What is mental health?

We all have mental health, just as we all have physical health. Being mentally healthy means that we feel good about ourselves, make and keep positive relationships with others and can feel and manage the full range of emotions.
These can range from happiness, excitement and curiosity through to less comfortable feelings such as anger, fear or sadness.
Good mental health allows us to cope with life’s ups and downs, to feel in control of our lives and to ask for help from others when we need support.

When do we cover mental health in our curriculum at Lister?
At Lister, we cover mental health through our curriculum with students in a range of ways:

  • PSHE lessons
  • Weekly Thought for the Week
  • Extended Tutor Time Sessions
Top Tips for Supporting Mental Health 
Connect
It’s clear that social relationships are critical for promoting wellbeing and for acting as a buffer against mental ill health for people of all ages. With this in mind, try to do something different today and make a connection.
  • Talk to someone instead of sending an email or a social media message.
  • Speak to someone new.
  • Ask how someone’s weekend was and really listen when they tell you.
  • Put five minutes aside to find out how someone really is.
  • Share the journey home with someone else.
Be active
Regular physical activity is associated with lower rates of depression and anxiety across all age groups.Today, why not get physical? Here are a few ideas:
  • Take the stairs not the lift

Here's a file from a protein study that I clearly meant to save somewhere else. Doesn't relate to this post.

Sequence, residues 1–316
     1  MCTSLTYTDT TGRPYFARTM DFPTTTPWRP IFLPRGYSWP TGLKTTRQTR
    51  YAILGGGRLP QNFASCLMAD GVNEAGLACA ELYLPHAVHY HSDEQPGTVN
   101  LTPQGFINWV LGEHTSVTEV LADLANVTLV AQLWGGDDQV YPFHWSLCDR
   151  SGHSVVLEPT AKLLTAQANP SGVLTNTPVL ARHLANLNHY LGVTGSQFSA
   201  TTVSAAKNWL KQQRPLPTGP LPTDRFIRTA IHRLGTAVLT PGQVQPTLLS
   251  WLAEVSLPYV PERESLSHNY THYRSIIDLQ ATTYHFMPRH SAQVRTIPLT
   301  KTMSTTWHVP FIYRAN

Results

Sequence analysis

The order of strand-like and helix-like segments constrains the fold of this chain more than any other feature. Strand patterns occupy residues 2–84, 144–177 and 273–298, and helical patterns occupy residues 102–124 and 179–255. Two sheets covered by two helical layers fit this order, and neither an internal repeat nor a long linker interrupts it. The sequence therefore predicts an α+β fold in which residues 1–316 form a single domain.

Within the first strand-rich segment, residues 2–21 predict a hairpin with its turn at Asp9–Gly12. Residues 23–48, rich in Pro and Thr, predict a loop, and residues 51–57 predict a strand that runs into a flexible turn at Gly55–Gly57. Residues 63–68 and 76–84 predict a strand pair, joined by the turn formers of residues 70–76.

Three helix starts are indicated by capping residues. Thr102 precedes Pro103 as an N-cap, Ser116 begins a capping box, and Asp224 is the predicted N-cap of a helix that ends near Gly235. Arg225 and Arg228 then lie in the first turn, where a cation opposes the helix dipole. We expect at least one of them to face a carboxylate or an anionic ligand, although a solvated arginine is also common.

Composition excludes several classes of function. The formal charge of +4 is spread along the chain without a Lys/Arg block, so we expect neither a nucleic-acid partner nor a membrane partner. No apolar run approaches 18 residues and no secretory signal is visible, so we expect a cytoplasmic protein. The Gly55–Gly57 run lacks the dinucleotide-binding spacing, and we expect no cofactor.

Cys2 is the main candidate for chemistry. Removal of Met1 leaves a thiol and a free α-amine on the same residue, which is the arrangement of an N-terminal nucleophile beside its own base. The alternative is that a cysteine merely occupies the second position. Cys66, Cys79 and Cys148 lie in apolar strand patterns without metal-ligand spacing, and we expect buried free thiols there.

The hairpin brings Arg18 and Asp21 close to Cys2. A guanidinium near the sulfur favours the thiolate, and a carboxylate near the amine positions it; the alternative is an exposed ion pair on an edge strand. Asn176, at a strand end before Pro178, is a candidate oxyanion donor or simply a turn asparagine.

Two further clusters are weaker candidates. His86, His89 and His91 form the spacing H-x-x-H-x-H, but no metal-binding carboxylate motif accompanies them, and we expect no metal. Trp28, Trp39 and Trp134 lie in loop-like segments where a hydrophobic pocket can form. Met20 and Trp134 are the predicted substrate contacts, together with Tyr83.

• Go for a walk at lunchtime
  • Walk into work – perhaps with a friend – so you can ‘connect’ as well
  • Get off the bus one stop earlier than usual and walk the final part of your journey to work
  • Organise a sporting activity
  • Have a kick-about in a local park
  • Do some ‘easy exercise’, like stretching, before you leave for work in the morning
Take notice
Reminding yourself to ‘take notice’ can strengthen and broaden awareness. Take some time to enjoy the moment and the environment around you. Here are a few ideas:
  • Get a plant for your home or workspace
  • Have a ‘clear the clutter’ day
  • Take notice of how your peers or colleagues are feeling or acting
  • Take a different route on your journey to or from work or school
  • Visit a new place for lunch
Learn
Continued learning through life enhances self-esteem and encourages social interaction and a more active life. Why not learn something new today? Here are a few more ideas:
  • Find out something about your peers or colleagues
  • Sign up for a class
  • Read the news or a book
  • Set up a book club
  • Do a crossword or Sudoku
  • Research something you’ve always wondered about
  • Learn a new word.
Give
Individuals who report a greater interest in helping others are more likely to rate themselves as happy. Research into actions for promoting happiness has shown that committing an act of kindness once a week over a six-week period is associated with an increase in wellbeing.
Talk openly about mental health
Just as you might encourage people you care about to eat fruit and veg to keep their bodies healthy (and model this behaviour yourself), talk openly about, for example, staying connected with others or being physically active in order to take care of our minds.
 
Further links: 
by Tessa Hall

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